Interior Comfort and Ergonomics
The dash gauges are large and clearly labeled with white text against a black background. Perimeters of the gauges are highlighted with a thin red border which gives a bit of a race-look. A large speedometer dominates the center with smaller tachometer and temp/fuel gauges flanking the left and right, respectively. Engine information is limited to trip meters, odometer, and oil life.
Customizing the seating position is with a knob to adjust height and lever to set seatback angle. Nonetheless, I was able to find a comfortable position for the duration of the test drive. Even on longer drives, the seating position remained comfortable. One notable positive feature for taller drivers is the cavernous roofline providing ample headroom for the giants out there. If I had one complaint, it would be access to the built-in seatbelts: once seated, they are hard to grab because they’re located lower than my shoulders (and I’m not tall!).
The HVAC system works quickly to cool down this large green house vehicle, and controls are very clearly labeled with white on black text or icons. The lack of a B-pillar in combination with the suicide rear door makes ingress and egress from the rear seats an easy task (even for my 300+ lb friend) as well as making it easy to load cargo.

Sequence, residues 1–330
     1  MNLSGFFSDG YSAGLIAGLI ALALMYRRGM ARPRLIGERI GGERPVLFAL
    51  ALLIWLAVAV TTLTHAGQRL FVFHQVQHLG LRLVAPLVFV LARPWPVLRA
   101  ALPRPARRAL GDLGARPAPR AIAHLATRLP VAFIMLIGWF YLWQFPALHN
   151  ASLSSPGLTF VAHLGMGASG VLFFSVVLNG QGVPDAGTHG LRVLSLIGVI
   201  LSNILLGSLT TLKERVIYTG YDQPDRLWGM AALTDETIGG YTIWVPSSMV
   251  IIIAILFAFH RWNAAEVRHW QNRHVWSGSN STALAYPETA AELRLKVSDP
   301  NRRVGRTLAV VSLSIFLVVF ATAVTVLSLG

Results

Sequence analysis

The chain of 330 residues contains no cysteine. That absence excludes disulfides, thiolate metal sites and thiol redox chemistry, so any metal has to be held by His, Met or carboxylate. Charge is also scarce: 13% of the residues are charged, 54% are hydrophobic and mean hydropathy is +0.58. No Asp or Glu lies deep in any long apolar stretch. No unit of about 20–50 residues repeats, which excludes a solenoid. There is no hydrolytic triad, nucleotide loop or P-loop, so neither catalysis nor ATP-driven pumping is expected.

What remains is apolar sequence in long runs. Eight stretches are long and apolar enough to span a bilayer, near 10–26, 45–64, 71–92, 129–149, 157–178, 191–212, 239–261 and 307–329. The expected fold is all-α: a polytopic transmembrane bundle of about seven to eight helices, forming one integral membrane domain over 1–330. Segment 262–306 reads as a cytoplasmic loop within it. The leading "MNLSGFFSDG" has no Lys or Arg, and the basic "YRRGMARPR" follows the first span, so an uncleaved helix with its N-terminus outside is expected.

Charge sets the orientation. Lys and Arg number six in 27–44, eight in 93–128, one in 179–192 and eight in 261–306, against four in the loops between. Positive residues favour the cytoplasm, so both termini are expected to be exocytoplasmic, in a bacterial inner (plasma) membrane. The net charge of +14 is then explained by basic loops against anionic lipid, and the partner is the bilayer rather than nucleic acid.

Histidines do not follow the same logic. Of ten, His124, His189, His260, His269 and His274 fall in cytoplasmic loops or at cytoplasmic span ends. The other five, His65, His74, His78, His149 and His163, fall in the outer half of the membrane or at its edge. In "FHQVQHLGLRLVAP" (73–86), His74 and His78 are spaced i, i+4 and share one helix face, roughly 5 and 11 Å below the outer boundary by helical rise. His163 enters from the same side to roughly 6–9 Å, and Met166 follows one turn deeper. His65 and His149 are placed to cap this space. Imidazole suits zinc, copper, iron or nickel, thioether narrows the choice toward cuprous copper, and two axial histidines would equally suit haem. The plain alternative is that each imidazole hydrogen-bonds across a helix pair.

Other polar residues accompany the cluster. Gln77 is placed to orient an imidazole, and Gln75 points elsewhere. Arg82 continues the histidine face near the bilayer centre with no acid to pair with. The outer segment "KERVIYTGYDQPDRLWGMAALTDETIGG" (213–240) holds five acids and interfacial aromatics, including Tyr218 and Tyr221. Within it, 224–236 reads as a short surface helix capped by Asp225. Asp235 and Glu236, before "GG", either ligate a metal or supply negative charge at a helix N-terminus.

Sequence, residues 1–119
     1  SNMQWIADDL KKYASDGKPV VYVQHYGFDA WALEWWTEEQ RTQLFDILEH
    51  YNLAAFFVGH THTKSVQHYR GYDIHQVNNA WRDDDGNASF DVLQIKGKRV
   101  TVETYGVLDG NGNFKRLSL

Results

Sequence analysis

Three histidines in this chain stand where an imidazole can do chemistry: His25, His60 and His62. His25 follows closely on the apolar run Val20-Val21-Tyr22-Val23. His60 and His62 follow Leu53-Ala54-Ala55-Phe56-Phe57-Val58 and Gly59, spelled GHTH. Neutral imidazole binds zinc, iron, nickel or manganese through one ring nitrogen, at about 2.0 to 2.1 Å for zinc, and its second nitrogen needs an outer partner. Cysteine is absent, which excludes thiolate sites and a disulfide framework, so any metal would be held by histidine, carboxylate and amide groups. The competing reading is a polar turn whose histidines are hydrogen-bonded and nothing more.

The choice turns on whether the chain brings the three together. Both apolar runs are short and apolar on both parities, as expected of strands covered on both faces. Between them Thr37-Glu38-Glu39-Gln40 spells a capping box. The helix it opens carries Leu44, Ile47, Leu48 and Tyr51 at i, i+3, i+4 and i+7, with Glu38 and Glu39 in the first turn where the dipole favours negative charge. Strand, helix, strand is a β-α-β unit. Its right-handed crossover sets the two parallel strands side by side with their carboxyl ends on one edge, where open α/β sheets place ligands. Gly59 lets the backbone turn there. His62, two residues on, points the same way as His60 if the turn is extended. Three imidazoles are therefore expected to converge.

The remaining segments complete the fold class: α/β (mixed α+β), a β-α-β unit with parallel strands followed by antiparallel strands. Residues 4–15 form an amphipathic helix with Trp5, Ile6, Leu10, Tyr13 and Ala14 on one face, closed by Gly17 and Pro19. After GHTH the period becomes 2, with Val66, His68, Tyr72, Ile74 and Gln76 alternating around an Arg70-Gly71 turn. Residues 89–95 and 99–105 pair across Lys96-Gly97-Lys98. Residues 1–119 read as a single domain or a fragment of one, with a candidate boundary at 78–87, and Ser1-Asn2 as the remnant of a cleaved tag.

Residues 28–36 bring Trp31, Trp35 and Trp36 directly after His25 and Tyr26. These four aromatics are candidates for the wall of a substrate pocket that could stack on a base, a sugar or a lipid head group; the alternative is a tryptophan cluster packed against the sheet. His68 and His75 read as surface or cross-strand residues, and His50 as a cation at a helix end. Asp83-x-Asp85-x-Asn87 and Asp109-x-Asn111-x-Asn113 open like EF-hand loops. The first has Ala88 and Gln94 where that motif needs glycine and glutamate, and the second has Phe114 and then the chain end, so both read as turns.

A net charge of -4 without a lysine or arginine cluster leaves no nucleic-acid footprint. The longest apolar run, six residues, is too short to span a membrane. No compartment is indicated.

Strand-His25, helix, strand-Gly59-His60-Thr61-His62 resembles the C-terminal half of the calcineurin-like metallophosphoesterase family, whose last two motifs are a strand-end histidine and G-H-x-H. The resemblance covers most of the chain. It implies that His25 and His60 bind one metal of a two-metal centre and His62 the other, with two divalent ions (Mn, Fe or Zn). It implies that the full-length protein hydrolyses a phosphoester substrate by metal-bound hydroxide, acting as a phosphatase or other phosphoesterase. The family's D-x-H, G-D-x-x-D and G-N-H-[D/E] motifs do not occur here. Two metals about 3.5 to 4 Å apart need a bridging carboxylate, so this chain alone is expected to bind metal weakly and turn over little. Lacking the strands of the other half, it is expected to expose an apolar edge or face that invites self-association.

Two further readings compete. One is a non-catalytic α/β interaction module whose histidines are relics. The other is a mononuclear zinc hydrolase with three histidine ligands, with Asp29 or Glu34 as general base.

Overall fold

166-horsepower … not much by today’s standards, just about right for the Element. Carting 5 guys to lunch (okay, one weighed as much as two!) never strained the 2.4 liter i-VTEC engine. Honda’s drive-by-wire system is amazing. It’s perfectly weighted and feels just right. Stepping on the gas has a resultant linear feel to acceleration. When I was in the PT Cruiser (which is not drive-by-wire), the pedal action seemed too light and the engine seemed like it was catching up to the pedal stroke rather than being tied to it. Nice job, Honda! Braking is excellent … linear and strong. I was exiting the freeway and accelerating prior to slamming on the brakes as hard as possible (from about 85mph)… no drama, no ABS. Just smooth and controlled braking.
The SC version is 20mm lower and a firmer suspension setup than the standard Element. Something you can definitely feel. Driving on the freeway the steering has good on-center feel and tracked well, but needs a little more tweaking to give it better feel for non-freeway driving. As it stands, if feels a little numb compared to other cars I’ve driven. Flooring it at times seemed to awaken the torque steer demons from within as I wrestled with the steering wheel’s desire to turn. It’s a tall vehicle and I refrained from pushing the limits. Don’t get me wrong, it’s not going to tip over just rounding a turn at moderate speeds. Included are the normal electronic safety gizmos (Electronic Brake Distribution, Vehicle Stability Assist (VSA) along with Traction Control) that will keep you upright and help maintain control should vehicle dynamics turn south rapidly. Handling is flat when actively turning due to the front and rear sway bars in combination with the firm dampers, but feels like it wants to push out of the turn. Perhaps this is the nature of this boxy beast.